Moriarty, Michael ... yes, the actor ... The Voyeur '97 ... This is the only book of his that I've read, and there were no sexual overtones (at least, not that I can remember!) ... However, this was eleven years ago. Perhaps I was into sexual titillations at the time? I doubt it, but anything's possible, I suppose!

Olshaker, Mark ... Blood Race ... a fictionalized account of the 1936 Olympics in Munich. (Timely!)

Perry, Thomas ... This author is so near and dear to my heart! I've read all that he has written, but for purposes of this post, I'm going to recommend the first book, Vanishing Act '95, in his series featuring a Seneca woman (Jane Whitfield, I think her name is) who helps guide people on their way to disappearing. Almost always his main characters are crooks and bad guys, but they're 'lovable' crooks and bad guys, if you know what I mean.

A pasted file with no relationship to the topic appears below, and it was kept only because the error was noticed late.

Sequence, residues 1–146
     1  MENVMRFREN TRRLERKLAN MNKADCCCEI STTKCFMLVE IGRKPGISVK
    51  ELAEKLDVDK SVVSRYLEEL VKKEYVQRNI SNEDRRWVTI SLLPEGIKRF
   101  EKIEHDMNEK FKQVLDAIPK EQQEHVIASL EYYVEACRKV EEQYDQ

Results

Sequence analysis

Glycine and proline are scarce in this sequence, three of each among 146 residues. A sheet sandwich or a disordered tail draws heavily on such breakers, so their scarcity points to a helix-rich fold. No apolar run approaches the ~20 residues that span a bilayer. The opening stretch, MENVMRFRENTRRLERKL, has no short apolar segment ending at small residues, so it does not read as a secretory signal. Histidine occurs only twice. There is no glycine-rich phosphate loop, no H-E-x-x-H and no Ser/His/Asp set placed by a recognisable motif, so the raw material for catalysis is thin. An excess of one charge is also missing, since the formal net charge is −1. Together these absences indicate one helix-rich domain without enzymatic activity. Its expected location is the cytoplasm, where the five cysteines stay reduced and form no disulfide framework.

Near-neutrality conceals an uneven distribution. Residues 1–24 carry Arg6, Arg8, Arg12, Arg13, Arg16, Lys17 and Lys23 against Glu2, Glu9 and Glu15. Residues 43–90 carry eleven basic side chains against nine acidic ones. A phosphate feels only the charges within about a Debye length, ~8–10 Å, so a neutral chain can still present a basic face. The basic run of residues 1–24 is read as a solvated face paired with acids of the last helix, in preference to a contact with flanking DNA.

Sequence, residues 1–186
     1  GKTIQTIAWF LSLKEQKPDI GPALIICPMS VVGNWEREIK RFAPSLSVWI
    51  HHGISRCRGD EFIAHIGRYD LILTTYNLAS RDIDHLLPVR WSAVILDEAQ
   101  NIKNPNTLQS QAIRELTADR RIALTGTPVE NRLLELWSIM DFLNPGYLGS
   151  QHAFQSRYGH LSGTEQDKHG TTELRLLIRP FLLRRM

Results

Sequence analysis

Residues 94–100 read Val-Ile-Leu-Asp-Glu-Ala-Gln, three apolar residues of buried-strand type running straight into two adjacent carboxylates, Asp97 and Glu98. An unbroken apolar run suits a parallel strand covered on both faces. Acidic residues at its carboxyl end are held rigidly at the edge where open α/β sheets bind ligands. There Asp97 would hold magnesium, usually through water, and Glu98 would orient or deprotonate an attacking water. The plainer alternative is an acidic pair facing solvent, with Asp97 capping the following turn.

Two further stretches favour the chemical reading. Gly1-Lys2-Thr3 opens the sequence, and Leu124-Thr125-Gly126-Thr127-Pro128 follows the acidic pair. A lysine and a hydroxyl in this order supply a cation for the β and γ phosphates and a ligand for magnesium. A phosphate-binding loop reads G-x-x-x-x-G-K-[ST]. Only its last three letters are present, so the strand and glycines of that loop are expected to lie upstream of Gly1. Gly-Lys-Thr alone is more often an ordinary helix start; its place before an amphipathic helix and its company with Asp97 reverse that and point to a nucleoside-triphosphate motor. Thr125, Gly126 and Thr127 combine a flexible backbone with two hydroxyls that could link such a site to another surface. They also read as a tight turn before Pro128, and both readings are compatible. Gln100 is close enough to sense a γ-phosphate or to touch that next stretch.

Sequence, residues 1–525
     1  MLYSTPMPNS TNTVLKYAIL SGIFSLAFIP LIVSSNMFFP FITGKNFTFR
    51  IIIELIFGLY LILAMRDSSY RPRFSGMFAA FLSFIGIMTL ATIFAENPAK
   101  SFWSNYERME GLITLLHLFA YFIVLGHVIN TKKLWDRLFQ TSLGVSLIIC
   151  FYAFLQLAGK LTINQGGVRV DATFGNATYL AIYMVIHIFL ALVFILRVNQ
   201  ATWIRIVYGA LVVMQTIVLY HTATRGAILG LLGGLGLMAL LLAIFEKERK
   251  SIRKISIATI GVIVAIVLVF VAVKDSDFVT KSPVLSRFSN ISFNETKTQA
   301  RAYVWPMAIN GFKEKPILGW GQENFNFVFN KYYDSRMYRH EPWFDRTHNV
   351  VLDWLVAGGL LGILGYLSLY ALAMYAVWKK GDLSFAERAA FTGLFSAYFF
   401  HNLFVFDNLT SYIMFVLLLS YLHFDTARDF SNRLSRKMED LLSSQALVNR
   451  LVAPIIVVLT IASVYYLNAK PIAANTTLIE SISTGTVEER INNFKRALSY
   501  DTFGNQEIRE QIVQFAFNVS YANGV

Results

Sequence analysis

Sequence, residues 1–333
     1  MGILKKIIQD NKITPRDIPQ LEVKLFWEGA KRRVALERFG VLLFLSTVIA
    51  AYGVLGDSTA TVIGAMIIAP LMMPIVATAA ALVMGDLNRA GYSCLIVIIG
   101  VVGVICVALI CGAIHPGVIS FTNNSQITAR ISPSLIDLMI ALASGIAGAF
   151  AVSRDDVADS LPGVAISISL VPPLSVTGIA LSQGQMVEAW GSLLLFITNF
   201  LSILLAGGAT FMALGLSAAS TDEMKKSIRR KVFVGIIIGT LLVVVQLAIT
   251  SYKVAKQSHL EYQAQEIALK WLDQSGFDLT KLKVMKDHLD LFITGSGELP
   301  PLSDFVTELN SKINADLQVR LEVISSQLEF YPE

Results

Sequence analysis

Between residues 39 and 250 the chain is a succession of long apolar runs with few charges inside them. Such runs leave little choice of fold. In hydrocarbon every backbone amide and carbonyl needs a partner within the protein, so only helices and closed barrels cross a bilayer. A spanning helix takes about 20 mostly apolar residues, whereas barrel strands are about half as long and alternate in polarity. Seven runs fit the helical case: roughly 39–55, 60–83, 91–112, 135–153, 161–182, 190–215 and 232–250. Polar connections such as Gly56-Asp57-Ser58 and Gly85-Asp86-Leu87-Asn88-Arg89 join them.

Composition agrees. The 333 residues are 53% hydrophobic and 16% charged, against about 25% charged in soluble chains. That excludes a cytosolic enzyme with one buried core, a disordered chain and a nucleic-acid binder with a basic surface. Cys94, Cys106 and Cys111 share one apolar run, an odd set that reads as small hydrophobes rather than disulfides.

Preston, Douglas (along with Lincoln Child) ... Mount Dragon '96 ... Do you like medical and computer science, cybernetics, and metaphysics? As a general rule I do not, altho I enjoyed this one!

Rendell, Ruth ... The Veiled One '88 (supposedly the 13th [!] in her Chief Inspector Wexford series) ... When I first read one of her books (this one, actually!) in 1997, I wrote in my notes, "I will NEVER be a writer! Es imposible!!" I'd like to share with you some of the other notations I made ... "exquisitely detailed story" ... "a young man sorely in need of therapy gets brutally ignored by the investigator after it's proven he is no longer a suspect in the murder of a blackmailing housewife" ... "every word is important" ... "the author has such insights into the human experience".